While we are consistently creating data and analysing it to use in our businesses, we often forget to reflect on the value of the data we are collecting. Don’t get me wrong – businesses are aware of the data quality issues throughout their organisations, but many face the dilemma of how to tackle it, unaware of simple steps that can be taken to ensure data quality.
In a recent survey, over 60% of organisations indicated that too many data sources and inconsistent data was their top data quality worry. So, more needs to be done to ensure that organisations are not overwhelmed with the data they have and, at the same time, are aware of how to handle it.
Despite the sheer amount of data being a top concern, it will be hard for any organisation to reduce the number of data sources it has. If anything, this is only likely to increase over time. But this is not a new problem. It was first tackled when we were still maintaining data in spreadsheets, with data management practitioners coining the term “spreadmart hell” as they tried to maintain data governance over multiple spreadsheets.
Instead of looking at the number of data sources as a problem, we should look at it as a feature and be thankful that technology has progressed to match organisations’ needs. Front-end tools generate metadata and capture provenance and lineage, and data cataloguing software then manages this – so technology has our back. We do, however, have to continue to push a cultural change around data, encouraging people throughout the organisation to ensure data quality, governance and general data literacy.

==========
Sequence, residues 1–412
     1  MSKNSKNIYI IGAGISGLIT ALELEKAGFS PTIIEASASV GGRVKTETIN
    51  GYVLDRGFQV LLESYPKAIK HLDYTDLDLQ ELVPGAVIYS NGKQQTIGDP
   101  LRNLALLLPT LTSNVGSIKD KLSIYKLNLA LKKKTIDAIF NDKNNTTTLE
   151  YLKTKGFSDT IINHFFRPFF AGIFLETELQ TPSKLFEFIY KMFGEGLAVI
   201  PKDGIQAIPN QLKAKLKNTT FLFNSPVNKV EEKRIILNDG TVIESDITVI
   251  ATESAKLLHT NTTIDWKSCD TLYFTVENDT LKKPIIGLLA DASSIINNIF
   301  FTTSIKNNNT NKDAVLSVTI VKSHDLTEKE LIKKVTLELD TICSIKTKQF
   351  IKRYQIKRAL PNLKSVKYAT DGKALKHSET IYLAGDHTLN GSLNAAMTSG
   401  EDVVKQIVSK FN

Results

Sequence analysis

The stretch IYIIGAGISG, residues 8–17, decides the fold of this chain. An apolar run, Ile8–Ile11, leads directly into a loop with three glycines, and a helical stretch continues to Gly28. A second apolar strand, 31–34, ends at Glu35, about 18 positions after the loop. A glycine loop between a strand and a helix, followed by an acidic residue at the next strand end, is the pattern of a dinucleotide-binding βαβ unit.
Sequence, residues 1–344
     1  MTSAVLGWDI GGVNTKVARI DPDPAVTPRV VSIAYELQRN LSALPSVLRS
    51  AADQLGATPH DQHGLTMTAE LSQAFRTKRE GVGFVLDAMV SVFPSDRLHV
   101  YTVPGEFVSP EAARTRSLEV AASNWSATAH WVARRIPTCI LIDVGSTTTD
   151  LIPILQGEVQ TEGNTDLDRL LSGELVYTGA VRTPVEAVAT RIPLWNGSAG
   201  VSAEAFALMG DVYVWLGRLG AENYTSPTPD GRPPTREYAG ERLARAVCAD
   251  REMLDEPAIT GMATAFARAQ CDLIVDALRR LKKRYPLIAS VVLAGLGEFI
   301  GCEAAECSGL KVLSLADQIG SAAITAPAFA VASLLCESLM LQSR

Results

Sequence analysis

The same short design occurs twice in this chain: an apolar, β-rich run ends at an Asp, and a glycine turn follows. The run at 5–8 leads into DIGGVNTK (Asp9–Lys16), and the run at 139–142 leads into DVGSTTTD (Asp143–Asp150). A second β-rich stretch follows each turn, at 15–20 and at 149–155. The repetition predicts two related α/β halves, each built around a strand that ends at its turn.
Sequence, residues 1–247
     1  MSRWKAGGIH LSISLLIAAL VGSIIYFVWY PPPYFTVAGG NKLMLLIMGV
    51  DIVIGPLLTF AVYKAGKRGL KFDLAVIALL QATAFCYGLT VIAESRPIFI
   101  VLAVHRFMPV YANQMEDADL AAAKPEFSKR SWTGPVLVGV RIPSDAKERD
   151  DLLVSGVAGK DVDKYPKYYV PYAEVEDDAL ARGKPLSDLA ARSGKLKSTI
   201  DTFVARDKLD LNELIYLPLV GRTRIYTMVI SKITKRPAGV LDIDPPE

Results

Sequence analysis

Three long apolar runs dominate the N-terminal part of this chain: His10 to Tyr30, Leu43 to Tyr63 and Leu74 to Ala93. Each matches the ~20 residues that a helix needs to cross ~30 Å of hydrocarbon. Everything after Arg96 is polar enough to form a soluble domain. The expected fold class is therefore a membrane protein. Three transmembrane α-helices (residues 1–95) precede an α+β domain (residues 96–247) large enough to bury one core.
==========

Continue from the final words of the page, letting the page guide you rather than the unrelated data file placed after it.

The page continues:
Some other common data quality issues point to larger, institutional problems. Disorganised data stores and lack of metadata are fundamentally a governance issue and, with only 20% of respondents saying their organisations publish information on data provenance and lineage, very few organisations have adequate governance.
Data governance is not easy to solve and is likely to grow. Poor data-quality controls at data entry are fundamentally where this problem originates. As any good data scientist knows, entry issues are persistent and widespread. Adding to this, practitioners may have little or no control over providers of third-party data, so missing data will always be an issue.
Data governance, like data quality, is fundamentally a socio-technical problem, and as much as machine learning and artificial intelligence (AI) can help, the right people and processes need to be in place to truly make it happen. People and processes are almost always implicated in both the creation and the perpetuation of data-quality issues, so we need to start there.
Organisations must take formal steps to condition and improve their data, such as creating dedicated data-quality teams. This will be an ongoing process, not a one-and-done panacea.
Rachel Roumeliotis is vice-president of data and AI at O’Reilly.